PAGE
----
No matter what, get prepared now!

Traveling This Summer?

Our family travels with our dog, Rocky, and we’ve done it so much that we’ve really got the routine down including what needs to be brought with us to help Rocky have a comfortable and safe trip.

But if you’re new to traveling or perhaps want to check out some travel ideas for your pets, we found a few good sources to help you.

This first link is tips for traveling in your RV with pets, however, you can modify the information if you are going on a car road trip.

Click here to check this out. 

And here are a couple check lists that you can even download to help you get organized for your trip. There’s one on what to pack and another that can help you with travel records that are necessary to keep with you.

Click here to find this information.  

Traveling with your pets can be fun and being organized and well prepared makes the trip better for everyone. We hope that this information will help.

In memory of
Miss Charlie

Our most sincere sympathies to
Jayne J.
on the loss of her loving companion.

Our thoughts and prayers are with you and the animal you had the honor of knowing and loving.

"No one can have experienced to the fullest the true sense of achievement and satisfaction, who has never pursued and successfully caught his tail."   --Rosalind Wilcher

"Animals are reliable, many full of love, true in their affections, predictable in their actions, grateful and loyal. Difficult standards for people to live up to."
--Alfred A. Montapert

"In my experience, cats and beds seem to be a natural combination."
--Louis J. Camuti, DVM

You Tube and Other Video Connections
            and some cute photos too!

  • This slide show is a little serious but good information for this time of year. It’s easy to give your dog food off your plate. After all, how can you resist those begging eyes. But with picnics and barbecues more prevalent in the summer, not all foods that are good for humans are good for dogs.  Click here to check out some summer foods you should not share with your dog.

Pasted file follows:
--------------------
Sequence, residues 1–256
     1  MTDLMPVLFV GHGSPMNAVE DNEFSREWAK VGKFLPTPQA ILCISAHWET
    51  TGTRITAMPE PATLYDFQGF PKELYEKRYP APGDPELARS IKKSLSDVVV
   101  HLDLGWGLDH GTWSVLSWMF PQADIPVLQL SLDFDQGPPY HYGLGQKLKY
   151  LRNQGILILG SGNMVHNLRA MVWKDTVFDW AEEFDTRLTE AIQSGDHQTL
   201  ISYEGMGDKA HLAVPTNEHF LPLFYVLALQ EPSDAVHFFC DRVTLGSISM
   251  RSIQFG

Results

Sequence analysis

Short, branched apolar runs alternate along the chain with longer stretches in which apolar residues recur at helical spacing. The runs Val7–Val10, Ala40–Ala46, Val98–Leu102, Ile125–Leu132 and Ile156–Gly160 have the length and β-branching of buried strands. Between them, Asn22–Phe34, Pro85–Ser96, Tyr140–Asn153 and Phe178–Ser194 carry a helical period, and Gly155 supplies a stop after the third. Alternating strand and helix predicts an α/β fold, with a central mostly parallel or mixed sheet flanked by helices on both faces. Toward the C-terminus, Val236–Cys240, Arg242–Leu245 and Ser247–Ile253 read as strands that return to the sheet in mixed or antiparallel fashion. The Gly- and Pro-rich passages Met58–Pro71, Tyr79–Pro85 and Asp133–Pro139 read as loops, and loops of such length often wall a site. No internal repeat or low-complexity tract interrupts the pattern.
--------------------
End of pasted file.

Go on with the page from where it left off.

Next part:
• Now that’s a pack of dogs! Check out this 16 dog pack that walks, runs and swims together with their person while he bike rides. They are one well behaved group of dogs.   Click here to see this video.

  • Do you love to watch kittens play?  Love the way they jump and tumble? Then this video is for you. Check out these Popcorn Kittens. Just  click here.  

Feel free to email us with any You Tube or other video links that you’ve enjoyed. We’ll post as many as we can and credit the first person who emailed us with the link. Also, feel free to send email video attachments. If I can find them published on YouTube, I’ll use them.

A Dog's Dictionary & Guide

Leash: A strap that attaches to your collar, enabling you to lead your owner where you want him or her to go. Make sure that you are waiting patiently with leash in mouth when your owner comes home from work. This immediately makes your owner feel guilty and the walk is lengthened by a good 10 minutes. 

Dog Bed: Any soft, clean surface, such as a white bedspread, newly upholstered couch or the dry cleaning that was just picked up. 

Drool: What you do when your owners have food and you don't. To do this properly, sit as close as you can, look sad and let the drool fall to the floor or better yet on their laps. 
Sniff: A social custom to use when you greet other dogs or those people that sometimes smell like dogs. 

Garbage Can: A container your neighbors put out weekly to test your ingenuity. Stand on your hind legs and push the lid off with your nose. If you do it right, you are rewarded with food wrappers to shred, beef bones to consume, moldy crusts of bread and sometimes even an old Nike. 

Bicycles: Two-wheeled exercise machines, invented for dogs to control body fat. To get maximum aerobic benefit, you must hide behind a bush and dash out, bark loudly and run alongside for a few yards. The rider swerves and falls into the bushes, and you prance away. 

Thunder: A signal the world is coming to an end. Humans remain amazingly calm during thunderstorms, so it is necessary to warn them of the danger by trembling, panting, rolling your eyes wildly and following at their heels.